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Design from A to Z

Design from A to Z: O is for Open-Concept

by Lauren Chorpening

Open floor plans or open-concept homes are common place today. Open-concept is what it sounds like: A child can be doing homework at the dining room table while one parent is in the kitchen and the other is in the living room while they are all within earshot and eyesight. It’s a large layout free from the obstruction of interior walls in the main living space. While it seems like a fairly obvious and desirable spatial plan for modern living, it’s a fairly new one in the history of homes. Up until the late 1800s, most main rooms in homes were closed off and entirely separate from each other.

Each room had a singular function and helped staff and servants who were responsible for carrying that function out. Entertaining, for instance, was done with the illusion that every course of a meal simply “appeared” as if by magic. Sequestered in the parlor or dining room, work in the kitchen was done out of view, out of mind. The initial designs for open-concept floor plans came from Greene and Greene out of Pasadena, CA in the 1890s and early 1900s. Post-war modern life changed the family dynamic in America–the use of home staff became less prominent and the role of family members stepped up. Frank Lloyd Wright took the ideas of Greene and Greene and created homes built with an active and loving family in mind–the new layout allowed the household to engage with one another while hosting, working or relaxing.

Not every home built after 1940 has an open floor plan but it’s one of the most sought-after layouts homeowners request when house hunting or renovating. We love the way this layout reflects a shift in the view of the home in the last century. Houses may have been run more like businesses before–built for impressing others by never lifting a finger–but now homes are places to retreat, to spend time with others and to truly make one’s own. 10 of our favorite open-concept layouts in almost every style from Design*Sponge tours can be found below. Enjoy! –Lauren

Design from A to Z: O is for Open-Concept | Design*Sponge
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Chris and Julia’s home flows from kitchen to dining room to living room. Rugs and furniture separates the spaces while allowing them to stay connected and open.

Design from A to Z: O is for Open-Concept | Design*Sponge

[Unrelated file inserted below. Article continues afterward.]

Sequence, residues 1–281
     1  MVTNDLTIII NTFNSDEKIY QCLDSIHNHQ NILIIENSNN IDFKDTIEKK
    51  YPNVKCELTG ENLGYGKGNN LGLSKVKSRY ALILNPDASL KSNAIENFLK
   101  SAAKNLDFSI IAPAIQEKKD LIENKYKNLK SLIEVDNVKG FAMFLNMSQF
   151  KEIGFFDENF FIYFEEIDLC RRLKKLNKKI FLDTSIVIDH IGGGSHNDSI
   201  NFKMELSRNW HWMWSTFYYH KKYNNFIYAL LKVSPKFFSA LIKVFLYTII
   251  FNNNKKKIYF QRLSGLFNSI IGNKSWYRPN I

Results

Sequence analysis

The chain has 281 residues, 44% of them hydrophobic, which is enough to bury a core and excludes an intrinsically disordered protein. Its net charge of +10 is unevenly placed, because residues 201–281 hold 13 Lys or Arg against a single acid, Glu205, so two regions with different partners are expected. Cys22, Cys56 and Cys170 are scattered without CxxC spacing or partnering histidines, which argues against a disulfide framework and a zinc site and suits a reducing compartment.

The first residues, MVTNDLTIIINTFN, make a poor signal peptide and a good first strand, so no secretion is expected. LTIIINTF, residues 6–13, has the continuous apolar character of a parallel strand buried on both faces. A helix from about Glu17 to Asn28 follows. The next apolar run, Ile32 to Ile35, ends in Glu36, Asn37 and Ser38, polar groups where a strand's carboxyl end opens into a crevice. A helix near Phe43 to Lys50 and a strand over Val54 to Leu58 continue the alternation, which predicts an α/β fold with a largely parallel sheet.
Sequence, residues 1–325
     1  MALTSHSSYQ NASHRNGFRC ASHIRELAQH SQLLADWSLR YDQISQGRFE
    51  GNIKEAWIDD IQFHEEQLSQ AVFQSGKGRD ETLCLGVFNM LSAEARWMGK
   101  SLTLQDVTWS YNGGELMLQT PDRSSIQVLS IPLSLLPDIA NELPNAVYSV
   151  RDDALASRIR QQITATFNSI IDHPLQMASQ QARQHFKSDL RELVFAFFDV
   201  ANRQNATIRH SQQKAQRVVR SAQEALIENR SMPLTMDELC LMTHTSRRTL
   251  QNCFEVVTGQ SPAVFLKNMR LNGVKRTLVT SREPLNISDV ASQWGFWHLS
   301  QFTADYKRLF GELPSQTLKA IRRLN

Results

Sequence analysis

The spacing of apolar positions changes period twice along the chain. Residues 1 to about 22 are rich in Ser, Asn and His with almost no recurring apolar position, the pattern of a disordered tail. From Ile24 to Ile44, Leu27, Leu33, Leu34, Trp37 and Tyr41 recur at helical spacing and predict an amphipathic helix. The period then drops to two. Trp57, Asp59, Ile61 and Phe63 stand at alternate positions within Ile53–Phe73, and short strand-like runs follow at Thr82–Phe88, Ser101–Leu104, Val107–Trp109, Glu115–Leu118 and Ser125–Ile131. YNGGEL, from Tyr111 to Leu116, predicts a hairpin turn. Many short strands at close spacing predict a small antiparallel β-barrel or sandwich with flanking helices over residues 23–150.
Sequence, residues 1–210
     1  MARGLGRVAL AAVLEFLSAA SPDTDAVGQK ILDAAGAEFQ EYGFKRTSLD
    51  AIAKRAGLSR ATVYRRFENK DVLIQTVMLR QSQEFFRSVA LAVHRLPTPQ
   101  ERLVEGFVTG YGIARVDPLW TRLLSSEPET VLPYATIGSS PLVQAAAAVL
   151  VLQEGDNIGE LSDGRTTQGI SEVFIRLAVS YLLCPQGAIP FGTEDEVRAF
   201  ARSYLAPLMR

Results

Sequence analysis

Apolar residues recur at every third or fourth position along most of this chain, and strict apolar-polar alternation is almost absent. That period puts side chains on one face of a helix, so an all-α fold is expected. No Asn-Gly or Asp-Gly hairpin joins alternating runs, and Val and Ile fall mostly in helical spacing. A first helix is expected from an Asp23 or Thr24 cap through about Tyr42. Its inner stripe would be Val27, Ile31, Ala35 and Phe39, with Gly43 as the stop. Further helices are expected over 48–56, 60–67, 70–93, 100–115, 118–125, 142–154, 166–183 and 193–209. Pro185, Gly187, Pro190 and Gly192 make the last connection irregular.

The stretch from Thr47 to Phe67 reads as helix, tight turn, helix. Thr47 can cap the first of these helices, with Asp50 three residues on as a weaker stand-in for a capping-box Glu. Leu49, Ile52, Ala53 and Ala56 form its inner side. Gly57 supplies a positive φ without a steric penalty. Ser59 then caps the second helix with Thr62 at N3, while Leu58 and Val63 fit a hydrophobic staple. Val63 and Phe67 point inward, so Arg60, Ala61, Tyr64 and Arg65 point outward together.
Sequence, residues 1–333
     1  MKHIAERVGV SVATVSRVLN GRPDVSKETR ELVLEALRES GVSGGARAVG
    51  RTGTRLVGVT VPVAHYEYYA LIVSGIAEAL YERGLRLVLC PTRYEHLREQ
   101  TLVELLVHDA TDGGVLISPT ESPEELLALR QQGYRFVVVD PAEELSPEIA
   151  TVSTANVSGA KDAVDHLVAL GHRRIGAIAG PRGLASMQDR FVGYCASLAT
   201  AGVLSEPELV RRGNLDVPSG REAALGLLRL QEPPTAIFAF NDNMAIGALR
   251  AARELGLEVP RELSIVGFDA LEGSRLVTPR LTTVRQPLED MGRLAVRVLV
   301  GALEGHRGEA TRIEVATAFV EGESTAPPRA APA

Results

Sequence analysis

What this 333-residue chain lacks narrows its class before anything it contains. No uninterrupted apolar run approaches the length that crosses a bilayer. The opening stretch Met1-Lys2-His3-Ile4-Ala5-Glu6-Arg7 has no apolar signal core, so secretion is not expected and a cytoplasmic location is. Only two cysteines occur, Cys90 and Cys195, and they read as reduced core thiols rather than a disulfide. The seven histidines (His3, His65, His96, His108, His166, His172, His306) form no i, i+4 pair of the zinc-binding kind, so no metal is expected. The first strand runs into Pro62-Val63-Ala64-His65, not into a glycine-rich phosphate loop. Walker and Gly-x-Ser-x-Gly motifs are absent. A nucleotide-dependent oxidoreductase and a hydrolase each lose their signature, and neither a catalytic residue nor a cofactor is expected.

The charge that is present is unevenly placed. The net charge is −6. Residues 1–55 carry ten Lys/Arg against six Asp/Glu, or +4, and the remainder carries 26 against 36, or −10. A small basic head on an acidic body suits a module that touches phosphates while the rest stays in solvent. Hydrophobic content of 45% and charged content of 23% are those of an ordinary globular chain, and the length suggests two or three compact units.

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The family room forms an L-shape around the open kitchen in Ali and Jeremy’s home.

Design from A to Z: O is for Open-Concept | Design*Sponge
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Jeannine’s open loft is one big rectangular room divided into 4 distinct areas: Living room, office, kitchen and dining room.

Design from A to Z: O is for Open-Concept | Design*Sponge
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This Indianapolis home features vaulted ceilings, large windows and an open-concept living area that marries the family room, dining room and kitchen with a one room footprint.

Design from A to Z: O is for Open-Concept | Design*Sponge
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This mid-century home has an iconic open-concept design. The large space is a perfect area for dinner prep, entertaining and relaxing with family.

Design from A to Z: O is for Open-Concept | Design*Sponge
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Lillian and Raymond’s Florida condo proves that open floor plans aren’t just for large spaces.

Design from A to Z: O is for Open-Concept | Design*Sponge
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This open-concept loft had more space than Alissa and Jonah knew what to do with. An office, living room, dining room and kitchen fill the area with space to spare.

Design from A to Z: O is for Open-Concept | Design*Sponge
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Chris and Andre’s 1800s home has been everything from a church to a doctor’s office to public housing. The open floor plan is unusual to this age of home but is beautifully suited with the charming, historic character.

Design from A to Z: O is for Open-Concept | Design*Sponge
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This Victorian carriage house was renovated to create an open floor plan that this family of 4 loves.

Design from A to Z: O is for Open-Concept | Design*Sponge
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The 7 members of the Fink Family need the open space and flow their home provides.

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Comments

  • We are finding more and more homeowners in the San Jose area choosing the open floor plan. It is a great option, especially for smaller homes that tend to be darker and separated into multiple single use spaces.

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